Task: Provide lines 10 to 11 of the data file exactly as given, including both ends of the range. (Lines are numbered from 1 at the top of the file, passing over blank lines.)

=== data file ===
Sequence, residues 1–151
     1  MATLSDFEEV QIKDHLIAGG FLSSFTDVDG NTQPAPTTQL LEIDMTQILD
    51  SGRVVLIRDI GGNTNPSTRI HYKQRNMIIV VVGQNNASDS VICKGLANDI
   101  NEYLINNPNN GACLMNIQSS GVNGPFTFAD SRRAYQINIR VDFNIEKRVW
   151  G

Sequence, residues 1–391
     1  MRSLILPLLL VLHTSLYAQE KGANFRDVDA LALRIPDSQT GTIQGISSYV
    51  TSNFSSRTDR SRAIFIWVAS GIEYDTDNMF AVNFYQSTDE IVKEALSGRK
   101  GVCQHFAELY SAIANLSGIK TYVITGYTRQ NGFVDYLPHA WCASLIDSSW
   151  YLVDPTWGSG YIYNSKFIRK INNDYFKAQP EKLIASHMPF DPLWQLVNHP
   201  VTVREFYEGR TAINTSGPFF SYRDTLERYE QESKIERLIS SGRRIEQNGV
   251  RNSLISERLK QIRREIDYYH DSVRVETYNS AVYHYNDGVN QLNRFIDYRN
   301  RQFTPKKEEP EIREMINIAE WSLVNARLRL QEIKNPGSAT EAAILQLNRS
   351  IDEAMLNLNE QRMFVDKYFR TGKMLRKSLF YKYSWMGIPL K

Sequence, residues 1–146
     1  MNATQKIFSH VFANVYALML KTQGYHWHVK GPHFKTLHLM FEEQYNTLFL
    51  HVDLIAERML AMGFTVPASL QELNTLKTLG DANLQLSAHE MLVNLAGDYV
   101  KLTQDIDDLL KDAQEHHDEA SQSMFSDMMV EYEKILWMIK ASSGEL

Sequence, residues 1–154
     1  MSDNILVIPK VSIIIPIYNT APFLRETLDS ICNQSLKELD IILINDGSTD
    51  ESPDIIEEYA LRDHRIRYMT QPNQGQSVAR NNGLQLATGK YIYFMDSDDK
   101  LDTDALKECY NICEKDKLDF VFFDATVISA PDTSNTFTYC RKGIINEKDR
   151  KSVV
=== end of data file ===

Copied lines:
   151  YLVDPTWGSG YIYNSKFIRK INNDYFKAQP EKLIASHMPF DPLWQLVNHP
   201  VTVREFYEGR TAINTSGPFF SYRDTLERYE QESKIERLIS SGRRIEQNGV